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Keywords:trade 

Working Paper
The U.S. Shale Oil Boom, the Oil Export Ban, and the Economy: A General Equilibrium Analysis

This paper examines the effects of the U.S. shale oil boom in a two-country DSGE model where countries produce crude oil, refined oil products, and a non-oil good. The model incorporates different types of crude oil that are imperfect substitutes for each other as inputs into the refining sector. The model is calibrated to match oil market and macroeconomic data for the U.S. and the rest of the world (ROW). We investigate the implications of a significant increase in U.S. light crude oil production similar to the shale oil boom. Consistent with the data, our model predicts that light oil ...
Working Papers , Paper 1708

Working Paper
Minimum wages and firm employment: evidence from China

This paper studies how minimum wage policies affect firm employment in China using a unique county level minimum wage data set matched to disaggregated firm survey data. We investigate both the effect of imposing a minimum wage, and the effect of the policies that tightened enforcement in 2004. We find that the average effect of minimum wage changes is modest and positive, and that there is a detectable effect after enforcement reform. Firms have heterogeneous responses to minimum wage changes which can be accounted for by differences in their wage levels and profit margins: firms with high ...
Globalization Institute Working Papers , Paper 173

Trade and Gold Reserves after the Demise of the Classical Gold Standard

After the early 1920s, the relationship between gold reserves and trade flows was tenuous at best as the international payments system experienced heightened uncertainty and significant change.
On the Economy

Working Paper
Goods-Market Frictions and International Trade

We add goods-market frictions to a general equilibrium dynamic model with heterogeneous exporting producers and identical importing retailers. Our tractable framework leads to endogenously unmatched producers, which attenuate welfare responses to foreign shocks but increase the trade elasticity relative to a model without search costs. Search frictions are quantitatively important in our calibration, attenuating welfare responses to tariffs by 40 percent and increasing the trade elasticity by 50 percent. Eliminating search costs raises welfare by 1 percent and increasing them by only a few ...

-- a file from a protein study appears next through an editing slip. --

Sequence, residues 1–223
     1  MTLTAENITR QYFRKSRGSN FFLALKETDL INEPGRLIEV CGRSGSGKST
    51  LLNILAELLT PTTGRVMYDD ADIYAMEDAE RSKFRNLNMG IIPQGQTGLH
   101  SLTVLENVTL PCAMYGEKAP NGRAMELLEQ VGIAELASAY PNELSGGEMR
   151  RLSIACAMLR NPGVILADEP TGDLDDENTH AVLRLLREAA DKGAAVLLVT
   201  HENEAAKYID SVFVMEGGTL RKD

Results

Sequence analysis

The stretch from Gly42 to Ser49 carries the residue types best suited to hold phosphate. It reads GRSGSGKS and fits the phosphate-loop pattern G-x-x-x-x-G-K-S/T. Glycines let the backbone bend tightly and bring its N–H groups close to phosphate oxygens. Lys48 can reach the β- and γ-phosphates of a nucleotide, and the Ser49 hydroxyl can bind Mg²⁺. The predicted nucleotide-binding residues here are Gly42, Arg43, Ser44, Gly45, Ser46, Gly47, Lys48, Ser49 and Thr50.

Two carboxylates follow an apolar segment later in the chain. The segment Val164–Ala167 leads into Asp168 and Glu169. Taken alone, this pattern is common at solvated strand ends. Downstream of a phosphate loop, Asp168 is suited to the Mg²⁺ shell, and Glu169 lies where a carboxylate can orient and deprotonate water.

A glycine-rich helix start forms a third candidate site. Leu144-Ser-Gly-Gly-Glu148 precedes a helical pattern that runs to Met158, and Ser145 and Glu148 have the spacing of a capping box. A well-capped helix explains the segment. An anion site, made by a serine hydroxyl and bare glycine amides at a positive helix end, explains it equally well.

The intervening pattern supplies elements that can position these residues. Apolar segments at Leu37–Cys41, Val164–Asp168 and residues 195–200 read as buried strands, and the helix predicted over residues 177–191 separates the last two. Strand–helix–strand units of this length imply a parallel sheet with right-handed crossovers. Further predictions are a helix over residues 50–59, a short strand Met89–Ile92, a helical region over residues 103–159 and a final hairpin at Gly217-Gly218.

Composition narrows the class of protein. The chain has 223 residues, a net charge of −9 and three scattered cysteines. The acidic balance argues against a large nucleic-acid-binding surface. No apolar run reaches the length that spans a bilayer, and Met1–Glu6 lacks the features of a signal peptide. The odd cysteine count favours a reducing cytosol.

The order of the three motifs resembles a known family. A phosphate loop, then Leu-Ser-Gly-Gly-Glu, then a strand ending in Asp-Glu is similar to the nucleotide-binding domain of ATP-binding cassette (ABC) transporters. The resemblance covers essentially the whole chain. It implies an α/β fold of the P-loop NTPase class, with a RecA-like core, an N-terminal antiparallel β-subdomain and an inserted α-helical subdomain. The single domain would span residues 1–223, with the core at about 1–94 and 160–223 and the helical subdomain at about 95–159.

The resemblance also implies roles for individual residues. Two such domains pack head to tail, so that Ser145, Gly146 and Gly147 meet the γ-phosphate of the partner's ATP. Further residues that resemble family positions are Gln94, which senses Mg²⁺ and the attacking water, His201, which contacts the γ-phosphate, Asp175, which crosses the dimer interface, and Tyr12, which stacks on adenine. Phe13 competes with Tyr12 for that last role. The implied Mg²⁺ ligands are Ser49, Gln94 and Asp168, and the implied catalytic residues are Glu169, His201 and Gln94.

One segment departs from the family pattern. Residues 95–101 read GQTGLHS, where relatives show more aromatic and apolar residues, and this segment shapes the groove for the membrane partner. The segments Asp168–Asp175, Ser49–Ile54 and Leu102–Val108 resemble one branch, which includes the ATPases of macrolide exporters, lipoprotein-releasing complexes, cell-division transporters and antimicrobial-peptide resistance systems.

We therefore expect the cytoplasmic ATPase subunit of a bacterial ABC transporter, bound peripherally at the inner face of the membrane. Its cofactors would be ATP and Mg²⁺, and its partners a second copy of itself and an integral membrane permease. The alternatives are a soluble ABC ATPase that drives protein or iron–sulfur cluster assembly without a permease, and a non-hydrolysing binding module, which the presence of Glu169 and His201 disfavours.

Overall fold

Working Papers , Paper 16-35R2

Journal Article
Technology Transfer and Regional Trade Agreements

The growing importance of intellectual property rights in regional trade agreements has been associated with increased technology transfer.
Economic Synopses , Issue 23 , Pages 1-2

Discussion Paper
What Happened to the U.S. Deficit with China during the U.S.-China Trade Conflict?

The United States’ trade deficit with China narrowed significantly following the imposition of additional tariffs on imports from China in multiple waves beginning in 2018—or at least it did based on U.S. trade data. Chinese data tell a much different story, with the bilateral deficit rising nearly to historical highs at the end of 2020. What’s going on here? We find that (as also discussed in a related note) much of the decline in the deficit recorded in U.S. data was driven by successful efforts to evade U.S. tariffs, with an estimated $10 billion loss in tariff revenues in 2020.
Liberty Street Economics , Paper 20210621b

The Role of Innovations in Global Trade: The Shipping Container

A simple trade innovation—the use of shipping containers—may have contributed to the rapid expansion of global trade over the past 50 years.
On the Economy

Discussion Paper
Would a Stronger Renminbi Narrow the U.S.-China Trade Imbalance?

The United States buys much more from China than it sells to China—an imbalance that accounts for almost half of our overall merchandise trade deficit. China’s policy of keeping its exchange rate low is often cited as a key driver of that country’s large overall trade surplus and of its bilateral surplus with the United States. The argument is that a stronger renminbi (the official currency of China) would help reduce that country’s trade imbalance with the United States by lowering the prices of U.S. goods relative to those made in China. In this post, we examine the thinking behind ...
Liberty Street Economics , Paper 20110713

Immigrant Workers and U.S. Trade Activity

States with higher shares of immigrant workers in the manufacturing sector are more likely to trade more in manufactured goods.
On the Economy

Newsletter
The Impact of Trade on the North American Auto Industry

On September 4–5, 2019, the Chicago Fed held a conference at its Detroit Branch to discuss trade’s role in shaping the North American auto industry. This event brought together nearly 100 attendees, including industry leaders, academics, and policymakers.
Chicago Fed Letter , Volume 427 , Issue 427

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